Climate policy is different in this regard from arenas like industrial policy or reducing inequality, which are sometimes added to the long list of things central banks could do, for two reasons. First, climate change is potentially existential – the future survival of the polity itself may be at stake. This is why mobilising central banks to fund total war efforts is a legitimate use of monetary policy, but industrial policy or inequality, for all their importance, are not. And second, central banks do actually have some potentially quite effective tools in the fight against climate change, in a way they do not in other arenas.
‘Green monetary policy’ would violate central bank neutrality
However, this argument typically runs into the objection that it violates the standard commitment to central bank neutrality. Neutrality in this context means the central bank setting policy to affect the aggregate variables of the macroeconomy – nominal growth and employment – rather than to affect the microeconomic considerations of precisely in which sectors or regions economic activity occurs, including whether activity should occur in ‘green’ or ‘brown’ sectors. There are indeed several reasons why neutrality is typically an attractive property of central bank behaviour.
First, as long as market failures are limited, decisions about how and where production occurs are generally best made by the private sector. Efficiency is best served by allowing market mechanisms to allocate resources within a macroeconomic context consistent with full employment.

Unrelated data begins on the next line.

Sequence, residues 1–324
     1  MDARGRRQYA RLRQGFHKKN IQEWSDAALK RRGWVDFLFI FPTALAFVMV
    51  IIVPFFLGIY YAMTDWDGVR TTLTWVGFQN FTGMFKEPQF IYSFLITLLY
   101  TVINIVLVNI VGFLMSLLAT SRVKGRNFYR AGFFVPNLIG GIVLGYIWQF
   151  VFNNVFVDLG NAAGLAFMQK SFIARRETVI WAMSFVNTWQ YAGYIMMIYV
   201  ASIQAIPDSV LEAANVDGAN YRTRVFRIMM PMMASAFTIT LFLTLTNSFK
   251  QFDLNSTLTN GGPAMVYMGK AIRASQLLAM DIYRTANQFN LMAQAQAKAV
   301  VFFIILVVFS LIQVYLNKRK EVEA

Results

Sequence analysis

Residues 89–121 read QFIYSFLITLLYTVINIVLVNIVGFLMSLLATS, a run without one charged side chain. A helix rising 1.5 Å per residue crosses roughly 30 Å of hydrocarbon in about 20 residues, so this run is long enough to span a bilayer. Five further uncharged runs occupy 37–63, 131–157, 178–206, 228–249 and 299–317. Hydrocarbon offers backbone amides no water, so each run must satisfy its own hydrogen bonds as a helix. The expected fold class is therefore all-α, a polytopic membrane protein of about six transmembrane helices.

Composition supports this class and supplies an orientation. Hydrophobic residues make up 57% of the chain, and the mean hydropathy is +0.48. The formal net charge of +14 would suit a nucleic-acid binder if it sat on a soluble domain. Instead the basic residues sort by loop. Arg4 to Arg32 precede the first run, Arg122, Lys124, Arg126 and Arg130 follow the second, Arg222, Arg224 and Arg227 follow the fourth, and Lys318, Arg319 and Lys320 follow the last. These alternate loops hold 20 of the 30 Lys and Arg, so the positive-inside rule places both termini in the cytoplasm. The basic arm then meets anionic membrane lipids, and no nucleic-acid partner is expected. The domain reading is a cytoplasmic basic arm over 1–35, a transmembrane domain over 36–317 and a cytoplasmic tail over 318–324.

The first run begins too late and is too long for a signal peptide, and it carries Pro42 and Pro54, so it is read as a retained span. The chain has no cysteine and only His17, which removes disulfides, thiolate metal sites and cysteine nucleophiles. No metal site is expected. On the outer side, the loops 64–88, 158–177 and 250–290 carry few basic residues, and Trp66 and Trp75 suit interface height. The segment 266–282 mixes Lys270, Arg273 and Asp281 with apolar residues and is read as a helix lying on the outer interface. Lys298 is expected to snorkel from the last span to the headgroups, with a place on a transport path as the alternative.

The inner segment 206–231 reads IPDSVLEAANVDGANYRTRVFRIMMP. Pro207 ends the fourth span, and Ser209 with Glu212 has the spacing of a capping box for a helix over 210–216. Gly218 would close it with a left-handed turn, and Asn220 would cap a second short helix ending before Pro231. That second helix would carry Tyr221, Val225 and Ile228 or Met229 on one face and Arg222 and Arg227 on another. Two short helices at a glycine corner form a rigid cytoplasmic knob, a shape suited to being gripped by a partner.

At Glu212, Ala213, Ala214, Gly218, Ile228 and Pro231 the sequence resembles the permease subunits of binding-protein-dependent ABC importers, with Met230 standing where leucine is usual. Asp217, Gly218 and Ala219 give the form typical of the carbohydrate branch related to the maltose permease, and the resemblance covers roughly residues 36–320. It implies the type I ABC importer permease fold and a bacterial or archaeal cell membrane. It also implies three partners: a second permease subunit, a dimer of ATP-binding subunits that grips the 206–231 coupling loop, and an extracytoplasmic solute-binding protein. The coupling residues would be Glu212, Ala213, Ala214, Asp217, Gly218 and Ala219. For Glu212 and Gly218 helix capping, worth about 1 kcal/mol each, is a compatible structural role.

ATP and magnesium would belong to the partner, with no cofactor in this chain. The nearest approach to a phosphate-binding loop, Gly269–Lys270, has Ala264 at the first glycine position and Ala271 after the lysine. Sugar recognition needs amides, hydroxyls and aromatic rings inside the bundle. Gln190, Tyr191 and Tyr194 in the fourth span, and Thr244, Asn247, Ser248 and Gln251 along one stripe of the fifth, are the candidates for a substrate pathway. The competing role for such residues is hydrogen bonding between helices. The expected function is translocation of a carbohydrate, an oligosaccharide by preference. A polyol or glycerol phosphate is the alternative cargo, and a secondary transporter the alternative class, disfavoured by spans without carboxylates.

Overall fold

Second, if the public sector does involve itself in questions of microeconomic allocation, perhaps because of market inefficiencies or considerations like equity or economic geography, in a democratic society this is the responsibility of an elected government rather than technocrats.
Third, to the extent to which the central bank starts to involve itself in some allocative issues, it might find itself under pressure from the government to intervene in ever more areas of the economy. This pressure could see the gradual politicisation of the central bank, which may undermine confidence in price stability.
These kinds of considerations would seem to lean quite heavily against central bank involvement in climate issues, because the entire point of central bank involvement would be to make certain kinds of economic activity face a systematically higher cost of capital (i.e. ‘brown’ industries) and other kinds of activity face a systematically lower cost of capital (i.e. ‘green’ industries). This seems clearly to be microeconomic credit allocation policy and so a violation of neutrality.
But ‘unconventional’ monetary policy already violates neutrality
However, it is hard to see how the full suite of post-crisis tools employed by central banks is neutral in this way. Purchases of government bonds, investment grade credits, and high yield credit; providing liquidity on generous terms; and use of negative rates all impact the economy through quite different channels. For example, buying corporate bonds tends to help those firms who issue bonds, while enhanced liquidity provision helps banks. So the very use of these tools seems to be non-neutral in that they impact some sectors more than others.